Why Tallinn Airport to Receive €14.5M Instead of Nordica

Tallinn Airport
via: Tallinn Airport
Avatar of Binayak Karki
Written by Binayak Karki

The state plans to allocate €14.5 million to the airport, aiming to keep fees low and secure essential flight routes.

<

In a significant development for Estonia‘s air travel landscape, the national airline Nordica will discontinue its operations, prompting the government to shift focus to support Tallinn Airport.

The state plans to allocate €14.5 million to the airport, aiming to keep fees low and secure essential flight routes.

Minister of Climate Kristen Michal, from the Reform Party, highlighted the need to assess private interest in privatizing Nordica by February. The government’s decision to redirect funds to the airport is seen as a strategic move to ensure the continuity of crucial flight connections.

Michal explained that the financial support for Tallinn Airport aims to maintain competitive charges, making the airport more attractive to airlines. The government’s goal is to foster quality direct connections, especially to key destinations such as Brussels, Munich, Amsterdam, and Copenhagen, which have seen a decline in connectivity.

Aviation expert Sven Kukemelk emphasized the importance of being prepared to procure direct flights if commercial interest diminishes.

He noted that other airports in Lithuania, Scandinavia, and Poland have already adopted this approach, suggesting Estonia should have a prepared toolbox for such scenarios.

Kukemelk discussed various models used by countries to retain direct connections, including public companies, foundations, and business development units. However, the government currently does not see the need to establish a separate entity or fund specifically for organizing air traffic in strategically important directions.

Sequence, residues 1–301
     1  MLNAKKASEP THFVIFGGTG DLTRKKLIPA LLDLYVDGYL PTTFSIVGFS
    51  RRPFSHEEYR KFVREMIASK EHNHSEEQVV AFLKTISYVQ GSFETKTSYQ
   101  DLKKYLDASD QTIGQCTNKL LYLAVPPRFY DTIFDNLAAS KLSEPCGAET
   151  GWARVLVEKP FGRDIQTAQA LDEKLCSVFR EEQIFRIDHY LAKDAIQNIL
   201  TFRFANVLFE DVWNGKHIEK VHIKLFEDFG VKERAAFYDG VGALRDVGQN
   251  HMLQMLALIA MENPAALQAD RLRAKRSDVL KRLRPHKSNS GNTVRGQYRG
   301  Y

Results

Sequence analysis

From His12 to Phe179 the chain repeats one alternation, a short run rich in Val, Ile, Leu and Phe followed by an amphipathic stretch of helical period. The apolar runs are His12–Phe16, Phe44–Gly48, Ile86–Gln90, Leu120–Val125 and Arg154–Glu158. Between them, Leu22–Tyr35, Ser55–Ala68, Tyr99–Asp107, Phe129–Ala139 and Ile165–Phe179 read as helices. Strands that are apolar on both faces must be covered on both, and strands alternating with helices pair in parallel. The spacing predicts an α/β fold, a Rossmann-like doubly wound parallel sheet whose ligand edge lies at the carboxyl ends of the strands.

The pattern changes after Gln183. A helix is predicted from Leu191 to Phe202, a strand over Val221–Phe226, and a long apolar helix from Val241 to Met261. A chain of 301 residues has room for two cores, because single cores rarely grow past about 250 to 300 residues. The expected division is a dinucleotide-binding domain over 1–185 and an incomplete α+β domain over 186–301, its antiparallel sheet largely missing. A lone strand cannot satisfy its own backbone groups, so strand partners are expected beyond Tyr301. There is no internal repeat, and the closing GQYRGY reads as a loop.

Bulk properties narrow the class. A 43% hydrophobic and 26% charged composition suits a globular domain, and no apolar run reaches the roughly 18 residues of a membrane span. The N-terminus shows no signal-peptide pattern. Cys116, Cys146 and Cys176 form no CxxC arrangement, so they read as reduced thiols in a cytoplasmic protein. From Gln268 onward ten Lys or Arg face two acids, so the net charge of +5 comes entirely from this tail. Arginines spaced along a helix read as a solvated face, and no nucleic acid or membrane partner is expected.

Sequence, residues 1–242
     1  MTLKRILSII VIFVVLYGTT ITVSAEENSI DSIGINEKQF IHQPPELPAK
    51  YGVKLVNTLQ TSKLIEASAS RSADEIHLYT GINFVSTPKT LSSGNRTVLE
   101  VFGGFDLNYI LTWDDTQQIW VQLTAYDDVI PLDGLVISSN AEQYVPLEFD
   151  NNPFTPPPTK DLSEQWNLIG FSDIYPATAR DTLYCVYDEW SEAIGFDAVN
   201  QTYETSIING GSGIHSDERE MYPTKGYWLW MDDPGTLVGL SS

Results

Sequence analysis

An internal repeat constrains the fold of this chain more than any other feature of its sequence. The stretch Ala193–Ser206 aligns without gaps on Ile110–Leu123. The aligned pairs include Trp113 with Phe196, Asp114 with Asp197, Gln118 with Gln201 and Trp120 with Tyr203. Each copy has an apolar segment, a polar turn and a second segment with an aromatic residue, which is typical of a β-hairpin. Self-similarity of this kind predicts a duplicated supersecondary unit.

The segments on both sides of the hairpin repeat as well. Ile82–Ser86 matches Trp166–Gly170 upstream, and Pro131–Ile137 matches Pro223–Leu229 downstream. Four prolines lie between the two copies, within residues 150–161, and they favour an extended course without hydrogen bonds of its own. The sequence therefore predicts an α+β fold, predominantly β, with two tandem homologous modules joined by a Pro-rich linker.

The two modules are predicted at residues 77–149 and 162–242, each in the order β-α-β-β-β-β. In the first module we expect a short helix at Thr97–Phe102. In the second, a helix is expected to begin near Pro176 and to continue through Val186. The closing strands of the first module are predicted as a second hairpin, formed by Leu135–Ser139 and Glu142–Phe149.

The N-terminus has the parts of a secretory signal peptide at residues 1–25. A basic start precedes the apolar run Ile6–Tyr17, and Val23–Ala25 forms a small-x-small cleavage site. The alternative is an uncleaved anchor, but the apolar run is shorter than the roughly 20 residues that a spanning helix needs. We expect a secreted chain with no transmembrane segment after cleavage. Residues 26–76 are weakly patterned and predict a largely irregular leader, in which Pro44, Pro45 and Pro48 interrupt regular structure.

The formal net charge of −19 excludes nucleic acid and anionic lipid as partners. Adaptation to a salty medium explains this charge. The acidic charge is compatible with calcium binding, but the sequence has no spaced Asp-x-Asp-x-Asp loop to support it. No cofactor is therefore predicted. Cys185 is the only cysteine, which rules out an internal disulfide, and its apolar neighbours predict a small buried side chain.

Minister Michal stated, “We don’t need a separate state company to organize the procurement of routes,” highlighting that Tallinn Airport already organizes various connections, and route procurement is handled by the state as the contracting authority. The government’s decision reflects a commitment to ensuring the country’s air travel remains robust and well-connected despite the discontinuation of Nordica’s operations.

What’s Happening with Nordica: Nordica’s Rise and Fall

Estonia’s national airline Nordica, initially established in 2015 as the successor to the bankrupt Estonian Air, has officially ceased its scheduled flights. Nordica, part of the Nordic Aviation Group AS, played a crucial role as the flag carrier of Estonia from 2016 to 2023.

After discontinuing scheduled flights to Sweden in October 2023, the airline has pivoted to operations under wet-lease contracts on behalf of other European carriers.

The company’s journey began with its inaugural flight to Amsterdam in November 2015, operated by wet-lease partner BMI Regional.

Over the years, Nordica entered into a strategic partnership with LOT Polish Airlines, leveraging LOT’s commercial platform and flight code. However, this partnership concluded in early 2021 when Nordica acquired all LOT shares in Xfly, its subsidiary.

In 2018, Nordica expanded by opening a base at Groningen Airport Eelde in the Netherlands, serving routes to Copenhagen, Munich, Ibiza, and Nice.

Nevertheless, the airline faced challenges, leading to the closure of routes from Tallinn Airport and the shutdown of its Groningen base in 2019.

Amid the global pandemic in February 2020, Nordica’s subsidiary Regional Jet successfully rebranded to Xfly, expressing interest in expanding its operations with additional aircraft.

Although these plans were disrupted by the pandemic, the rebranding contributed to the growth and expansion of the company. As of today, Xfly and Nordica collectively operate a fleet of 19 aircraft, with plans to add three Airbus A320neo aircraft in spring 2023.

The group, known as the Nordic Aviation Group, consists of two trusted CPA airlines, Nordica and Xfly, employing over 600 people of 30 different nationalities. Xfly Aviation Academy and a growing maintenance team are integral parts of the group, ensuring a sustainable and robust future for the company.

Nordica’s codeshare agreements currently include none, while it had previously utilized a codeshare agreement with Lufthansa for connections to Munich.

WHAT TO TAKE AWAY FROM THIS ARTICLE:

  • The government’s decision to redirect funds to the airport is seen as a strategic move to ensure the continuity of crucial flight connections.
  • In 2018, Nordica expanded by opening a base at Groningen Airport Eelde in the Netherlands, serving routes to Copenhagen, Munich, Ibiza, and Nice.
  • Nevertheless, the airline faced challenges, leading to the closure of routes from Tallinn Airport and the shutdown of its Groningen base in 2019.

About the author

Avatar of Binayak Karki

Binayak Karki

Binayak - based in Kathmandu - is an editor and author writing for eTurboNews.

Subscribe
Notify of
guest
0 Comments
Inline Feedbacks
View all comments
0
Would love your thoughts, please comment.x
()
x
Share to...